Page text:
Eternally Yours

When I first saw a photo of this speaker, it reminded me of a Mexican chiminea, a free-standing clay fireplace with a bulbous lower body and tall, thin smokestack. But the only heat generated by this bad boy is of the sonic variety. Born of a collaboration between Serbian ribbon-speaker specialist RAAL and American pro-audio designer Requisite Audio, the RAAL Requisite Eternity is the world's only speaker with a cast-bronze woofer enclosure.

That enclosure is roughly cubical with rounded edges and circular openings on each face, and it can be made in a wide variety of textures and colors. Why bronze? It's acoustically inert with resonances far above any problematic frequencies, and it lends a certain aesthetic weight to the product, not to mention a physical weight—each speaker tips the scale at 175 pounds.

Nestled within the one-piece bronze enclosure are five 15-inch paper-cone woofers facing outward in a balanced-force configuration with one side left completely open. This open-baffle design lets you orient the speaker for best bass performance in different rooms and is said to work well for jazz and orchestral music. Alternatively, the Eternity is available with three 15-inch woofers facing upward with the other holes sealed, which is more appropriate for slammin' rock and dance tunes.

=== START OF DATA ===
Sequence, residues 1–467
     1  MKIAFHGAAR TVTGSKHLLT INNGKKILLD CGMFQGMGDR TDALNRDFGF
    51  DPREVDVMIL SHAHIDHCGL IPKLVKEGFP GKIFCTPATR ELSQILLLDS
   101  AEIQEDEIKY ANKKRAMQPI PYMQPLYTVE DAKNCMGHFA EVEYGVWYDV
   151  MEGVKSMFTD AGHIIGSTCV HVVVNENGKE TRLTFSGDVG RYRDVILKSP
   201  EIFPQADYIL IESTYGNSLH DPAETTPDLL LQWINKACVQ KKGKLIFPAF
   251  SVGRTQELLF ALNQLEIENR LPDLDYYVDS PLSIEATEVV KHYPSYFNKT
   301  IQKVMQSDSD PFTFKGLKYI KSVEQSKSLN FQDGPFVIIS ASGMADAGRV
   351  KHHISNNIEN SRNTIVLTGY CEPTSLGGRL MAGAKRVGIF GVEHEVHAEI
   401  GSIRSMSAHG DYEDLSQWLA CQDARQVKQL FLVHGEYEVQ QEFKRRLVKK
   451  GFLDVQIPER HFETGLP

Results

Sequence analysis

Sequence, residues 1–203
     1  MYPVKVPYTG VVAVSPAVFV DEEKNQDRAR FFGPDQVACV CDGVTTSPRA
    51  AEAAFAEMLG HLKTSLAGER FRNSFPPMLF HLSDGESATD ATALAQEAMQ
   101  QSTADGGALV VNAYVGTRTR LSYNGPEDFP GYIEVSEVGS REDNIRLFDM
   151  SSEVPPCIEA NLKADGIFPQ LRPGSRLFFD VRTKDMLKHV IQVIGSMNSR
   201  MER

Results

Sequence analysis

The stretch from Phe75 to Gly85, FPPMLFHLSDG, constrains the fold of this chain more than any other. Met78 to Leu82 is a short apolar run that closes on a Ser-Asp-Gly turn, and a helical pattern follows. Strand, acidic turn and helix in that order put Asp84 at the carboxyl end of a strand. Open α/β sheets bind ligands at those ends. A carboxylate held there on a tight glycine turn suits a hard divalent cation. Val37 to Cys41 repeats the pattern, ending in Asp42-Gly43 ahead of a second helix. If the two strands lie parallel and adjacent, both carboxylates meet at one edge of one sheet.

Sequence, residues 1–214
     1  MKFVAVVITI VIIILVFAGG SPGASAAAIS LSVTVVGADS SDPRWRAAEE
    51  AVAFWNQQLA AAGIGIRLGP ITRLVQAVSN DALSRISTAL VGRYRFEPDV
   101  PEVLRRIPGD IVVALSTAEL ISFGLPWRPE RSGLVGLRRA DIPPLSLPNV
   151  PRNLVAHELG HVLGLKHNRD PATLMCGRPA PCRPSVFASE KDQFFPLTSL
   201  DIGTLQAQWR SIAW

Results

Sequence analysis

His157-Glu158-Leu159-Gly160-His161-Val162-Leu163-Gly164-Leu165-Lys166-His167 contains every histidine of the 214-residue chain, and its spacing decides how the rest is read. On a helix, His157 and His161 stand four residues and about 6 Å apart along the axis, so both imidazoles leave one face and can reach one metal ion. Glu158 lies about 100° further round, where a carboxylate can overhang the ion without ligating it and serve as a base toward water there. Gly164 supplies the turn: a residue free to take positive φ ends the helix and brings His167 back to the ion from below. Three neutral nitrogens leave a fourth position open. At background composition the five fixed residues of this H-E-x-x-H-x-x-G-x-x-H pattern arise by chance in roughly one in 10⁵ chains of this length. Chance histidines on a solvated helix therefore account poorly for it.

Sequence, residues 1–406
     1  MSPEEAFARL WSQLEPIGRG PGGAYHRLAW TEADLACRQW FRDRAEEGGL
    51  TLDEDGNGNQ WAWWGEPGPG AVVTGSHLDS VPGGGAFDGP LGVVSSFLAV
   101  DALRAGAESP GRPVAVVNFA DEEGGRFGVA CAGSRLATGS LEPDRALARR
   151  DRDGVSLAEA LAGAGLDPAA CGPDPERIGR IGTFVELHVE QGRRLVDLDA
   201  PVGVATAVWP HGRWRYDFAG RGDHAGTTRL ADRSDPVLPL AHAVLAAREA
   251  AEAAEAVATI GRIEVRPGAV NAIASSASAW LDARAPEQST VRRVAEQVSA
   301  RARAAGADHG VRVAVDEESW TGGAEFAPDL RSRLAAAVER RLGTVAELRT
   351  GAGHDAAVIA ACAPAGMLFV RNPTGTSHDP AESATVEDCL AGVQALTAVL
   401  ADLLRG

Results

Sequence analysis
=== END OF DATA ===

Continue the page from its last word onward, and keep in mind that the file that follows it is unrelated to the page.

Next up the food chain are 18 2.5-inch aluminum-cone midrange drivers arranged in vertical groups of three on a hexagonal column above the woofers. Above the midranges are 15 5-inch-long aluminum-ribbon tweeters, also in a cylindrical configuration. One of the most impressive claims for this design is that the apparent acoustic origins of the tweeters, midrange drivers, and woofers are perfectly in line with each other, making this the only time-aligned omnidirectional speaker in existence.

The Eternity is available with two crossover options—a passive analog design and the DEQX digital crossover, which can be used together in different frequency ranges if desired. With DEQX, the speaker's overall frequency response is spec'd at 30Hz to 20kHz, 1.5dB, while the analog crossover yields a frequency response from 40Hz to 40kHz, 4 or 5dB (this is difficult to measure with an omni speaker). Each driver section exhibits an impressive sensitivity of 96dB/W/m, allowing the speaker to play plenty loud with moderate power, though the ribbons can handle up to 1500 watts.

I've always been skeptical about omnidirectional speakers, thinking that sound waves reflecting from walls behind them should interact with the direct sound in unpredictable ways. But according to Danny McKinney of Requisite Audio, omni speakers actually energize the room evenly throughout the entire sonic spectrum, whereas with conventional speakers, the highs are "beamed" toward the listener and not reflected from the side walls as much as they are from the wall behind the listener, changing the high-to-low balance.

Naturally, Eternity doesn't come cheap—you'll shell out $88,000 for a pair of these exotic speakers (designer Aleksandar Radisavljevic not included!). I've never heard them, but they've garnered lots of glowing comments in the audiophile press, so I plan to check them out at the next CES. I can't wait to hear for myself if they generate the kind of sonic heat their shape suggests.